I am a chef. I have been for over a decade. I co -own a restaurant in Bristol (www.flintyred.co.uk) and love the fast and furious pace of cooking during a busy shift. However, I now have three brilliant kids and the motivation to fill these three little tummys with nutritional, delicious and exciting food is my primary concern. Cooking in a restaurant for people interested in what’s on their plate and what’s more, are paying for it, couldn’t be more different to cooking at 5pm for hungry fractious children. In fact I find the 5pm slot a lot more demanding. It’s not called the witching hour for nothing.
Feeding children food they don’t want to eat is one of life’s most frustrating, time consuming and head bangingly awful tasks. To navigate this troublesome teatime landscape, I think the best solution is to feed kids food that they will like and want to eat.
As a mother who cooks I get an awful lot of parents asking me what I feed my children come the evening. They are often surprised. My kids are not precocious about food, they love the nursery stalwarts of spaghetti bolognaise, the odd sausage and a cottage pie, but they also love to eat meals that are considered a bit more adventurous. Cold spiced Sichuan noodles is a good example. Dull is the ground hog scenario of a shepherd's pie landing on the table every Thursday evening.
Truth be told my three (Grace 6 yrs, Ivy 4 yrs and Dorothy 1 yr) will wolf down the likes of pesto pasta, but they will also eat an eclectic bunch of laughably healthy suppers.
So perhaps it’s me who is the precocious one come supper time. I want my kids to eat their way around the world, albeit on a metaphorical food journey, and all the while sat nicely at the kitchen table. Nothing could excite me less than a lifetime of suppers where mince is the mainstay and a fork the only necessary tool. A few miserable weeks of blending pumpkin and making various baby mush when weaning my first daughter six years ago made concrete for me a food philosophy by which to feed my family.
Vegetables by stealth. Why should the vegetables be something on the side of the plate to endure? They should be a delicious and integral part of the supper. Cooking vegetables well and with creativity is a life skill. It will set you in good stead for very many delicious meals.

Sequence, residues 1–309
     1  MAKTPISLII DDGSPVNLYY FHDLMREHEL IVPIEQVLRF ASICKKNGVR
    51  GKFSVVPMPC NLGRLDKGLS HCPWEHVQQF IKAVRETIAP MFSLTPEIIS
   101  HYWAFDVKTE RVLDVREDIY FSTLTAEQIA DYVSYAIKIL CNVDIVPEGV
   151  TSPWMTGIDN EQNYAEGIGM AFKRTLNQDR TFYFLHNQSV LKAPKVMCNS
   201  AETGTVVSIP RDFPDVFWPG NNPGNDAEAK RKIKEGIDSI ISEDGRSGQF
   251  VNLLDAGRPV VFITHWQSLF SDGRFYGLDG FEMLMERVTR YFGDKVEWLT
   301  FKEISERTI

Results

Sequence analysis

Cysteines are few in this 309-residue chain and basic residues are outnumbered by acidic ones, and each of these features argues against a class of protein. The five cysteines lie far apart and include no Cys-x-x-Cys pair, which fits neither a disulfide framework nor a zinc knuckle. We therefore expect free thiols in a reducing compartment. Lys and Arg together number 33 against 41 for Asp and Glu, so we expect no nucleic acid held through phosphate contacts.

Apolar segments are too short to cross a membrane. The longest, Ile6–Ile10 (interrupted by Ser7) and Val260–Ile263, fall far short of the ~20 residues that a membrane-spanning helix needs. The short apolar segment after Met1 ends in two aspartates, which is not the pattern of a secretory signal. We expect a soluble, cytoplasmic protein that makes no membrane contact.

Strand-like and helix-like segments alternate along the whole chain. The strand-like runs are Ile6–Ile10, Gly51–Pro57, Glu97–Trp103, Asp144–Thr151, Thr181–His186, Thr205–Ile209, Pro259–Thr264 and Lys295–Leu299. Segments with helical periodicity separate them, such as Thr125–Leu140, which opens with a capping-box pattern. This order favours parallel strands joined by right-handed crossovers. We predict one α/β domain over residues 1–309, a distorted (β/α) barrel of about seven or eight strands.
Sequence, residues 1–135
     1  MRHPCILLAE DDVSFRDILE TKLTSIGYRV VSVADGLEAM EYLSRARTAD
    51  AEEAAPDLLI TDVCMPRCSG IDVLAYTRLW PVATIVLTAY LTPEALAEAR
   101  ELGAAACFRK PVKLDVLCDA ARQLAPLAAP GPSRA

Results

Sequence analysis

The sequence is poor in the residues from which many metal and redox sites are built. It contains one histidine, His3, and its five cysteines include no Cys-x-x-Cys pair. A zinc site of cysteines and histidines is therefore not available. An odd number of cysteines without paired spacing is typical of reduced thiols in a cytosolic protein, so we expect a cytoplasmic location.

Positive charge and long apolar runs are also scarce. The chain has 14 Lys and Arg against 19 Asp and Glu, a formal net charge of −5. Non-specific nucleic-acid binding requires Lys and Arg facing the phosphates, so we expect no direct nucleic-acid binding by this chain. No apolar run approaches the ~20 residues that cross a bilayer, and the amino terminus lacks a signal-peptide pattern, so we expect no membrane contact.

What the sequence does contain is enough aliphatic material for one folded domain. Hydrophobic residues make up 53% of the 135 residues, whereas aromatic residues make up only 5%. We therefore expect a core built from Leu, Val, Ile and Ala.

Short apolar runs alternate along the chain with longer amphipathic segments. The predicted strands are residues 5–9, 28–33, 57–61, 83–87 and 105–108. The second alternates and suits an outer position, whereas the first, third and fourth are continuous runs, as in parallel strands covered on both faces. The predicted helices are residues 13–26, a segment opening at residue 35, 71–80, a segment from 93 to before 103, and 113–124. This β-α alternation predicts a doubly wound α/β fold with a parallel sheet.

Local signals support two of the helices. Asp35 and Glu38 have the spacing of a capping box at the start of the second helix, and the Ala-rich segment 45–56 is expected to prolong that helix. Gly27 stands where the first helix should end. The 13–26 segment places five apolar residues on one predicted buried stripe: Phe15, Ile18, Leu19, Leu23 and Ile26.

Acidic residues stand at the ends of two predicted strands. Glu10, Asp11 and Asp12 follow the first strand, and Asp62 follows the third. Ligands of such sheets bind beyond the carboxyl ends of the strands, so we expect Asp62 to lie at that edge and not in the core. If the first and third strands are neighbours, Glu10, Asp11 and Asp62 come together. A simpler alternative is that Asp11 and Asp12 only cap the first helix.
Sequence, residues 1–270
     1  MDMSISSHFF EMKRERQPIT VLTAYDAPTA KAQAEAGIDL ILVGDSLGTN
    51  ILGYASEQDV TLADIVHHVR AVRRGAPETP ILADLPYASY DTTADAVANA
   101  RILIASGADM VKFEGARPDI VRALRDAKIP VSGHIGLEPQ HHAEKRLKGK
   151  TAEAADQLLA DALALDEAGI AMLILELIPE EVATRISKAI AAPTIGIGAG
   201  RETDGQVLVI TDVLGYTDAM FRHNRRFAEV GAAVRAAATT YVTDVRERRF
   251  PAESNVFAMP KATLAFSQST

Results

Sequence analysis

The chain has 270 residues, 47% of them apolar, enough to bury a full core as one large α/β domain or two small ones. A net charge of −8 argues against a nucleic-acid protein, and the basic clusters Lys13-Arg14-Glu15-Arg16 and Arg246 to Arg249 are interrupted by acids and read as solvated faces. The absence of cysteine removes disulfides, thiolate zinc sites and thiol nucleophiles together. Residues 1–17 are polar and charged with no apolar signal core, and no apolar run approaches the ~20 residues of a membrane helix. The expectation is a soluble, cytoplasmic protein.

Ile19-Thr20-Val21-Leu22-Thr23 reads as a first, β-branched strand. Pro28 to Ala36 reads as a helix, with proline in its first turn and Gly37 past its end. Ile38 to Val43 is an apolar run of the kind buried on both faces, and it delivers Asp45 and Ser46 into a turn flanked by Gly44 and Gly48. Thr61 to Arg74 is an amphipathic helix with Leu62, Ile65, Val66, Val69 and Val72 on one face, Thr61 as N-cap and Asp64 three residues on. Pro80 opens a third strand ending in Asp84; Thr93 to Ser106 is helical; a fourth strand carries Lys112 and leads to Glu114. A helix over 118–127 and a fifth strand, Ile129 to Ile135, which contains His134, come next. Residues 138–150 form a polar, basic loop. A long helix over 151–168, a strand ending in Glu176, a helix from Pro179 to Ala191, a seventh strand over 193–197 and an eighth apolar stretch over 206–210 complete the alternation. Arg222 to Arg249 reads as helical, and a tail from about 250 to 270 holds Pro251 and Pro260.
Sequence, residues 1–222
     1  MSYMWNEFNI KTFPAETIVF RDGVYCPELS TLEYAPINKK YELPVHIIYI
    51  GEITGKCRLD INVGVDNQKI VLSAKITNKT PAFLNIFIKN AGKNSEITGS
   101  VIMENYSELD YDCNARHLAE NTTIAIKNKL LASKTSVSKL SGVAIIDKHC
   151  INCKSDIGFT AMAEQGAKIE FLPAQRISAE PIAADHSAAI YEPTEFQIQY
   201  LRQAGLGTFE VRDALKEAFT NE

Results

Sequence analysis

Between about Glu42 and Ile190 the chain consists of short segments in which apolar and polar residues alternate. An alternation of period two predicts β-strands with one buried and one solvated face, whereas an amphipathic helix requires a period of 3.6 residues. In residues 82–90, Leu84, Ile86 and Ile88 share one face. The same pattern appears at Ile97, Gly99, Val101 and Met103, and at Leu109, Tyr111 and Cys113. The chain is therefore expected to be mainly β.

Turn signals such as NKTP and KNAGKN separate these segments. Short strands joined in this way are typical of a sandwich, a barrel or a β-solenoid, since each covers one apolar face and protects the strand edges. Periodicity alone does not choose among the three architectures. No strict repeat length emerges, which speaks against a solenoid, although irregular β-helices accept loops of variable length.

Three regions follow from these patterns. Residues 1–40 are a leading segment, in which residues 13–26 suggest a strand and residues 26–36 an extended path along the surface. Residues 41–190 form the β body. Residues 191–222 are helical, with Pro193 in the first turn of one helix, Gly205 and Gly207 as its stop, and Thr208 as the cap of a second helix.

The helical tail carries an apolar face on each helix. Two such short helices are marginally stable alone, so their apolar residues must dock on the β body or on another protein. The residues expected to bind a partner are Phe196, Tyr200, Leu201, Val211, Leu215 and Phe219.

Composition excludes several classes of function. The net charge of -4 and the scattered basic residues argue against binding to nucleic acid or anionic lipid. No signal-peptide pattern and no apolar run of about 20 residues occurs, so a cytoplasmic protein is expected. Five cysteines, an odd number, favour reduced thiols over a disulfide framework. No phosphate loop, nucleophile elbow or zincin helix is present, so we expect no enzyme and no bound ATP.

Cook a cabbage with bulghar, tomato and garlic and ‘sweeten’ it with cinnamon and allspice, soon enough that cabbage becomes an attractive proposition. Make your own cheese and serve it at teatime with a flattering salad, your children will surely then be over the moon with what’s put in front of them.
Giving children a sense of autonomy when it comes to eating their dinner is key. If you can engage your kids and get them involved with what they will be eating right from them standing there in the veg shop, the butchers, the fishmongers, to back in the kitchen and cooking, even to knowing how to lay the table nicely, these are all crucial to a lovely meal landing right there in front of you.
What’s more, having things to finish and personalise your own supper at the table with a flourish always proves popular with smaller folk. A vegetable and lentil rich soup would be nothing without the Turkish chilli flakes and pumpkin seeds to sprinkle, the yogurt to dollop, the olive oil to drizzle and the flat bread to dunk.
Food. It's terribly important stuff and we'll be eating it for the rest of our lives. So we'd best set about it making it taste the very best it can be.
5 o' clock or thereabouts comes and more often than not I'll tweet my kid's supper by way of a culinary prompt. Not wanting to preach I am instead providing some food for thought.
Elbows down, knives and forks at the ready, and we're off......
A manic start to my year, the 5 o clock apron book is now (almost...) written with publication by Ebury and the date set for Spring 2015.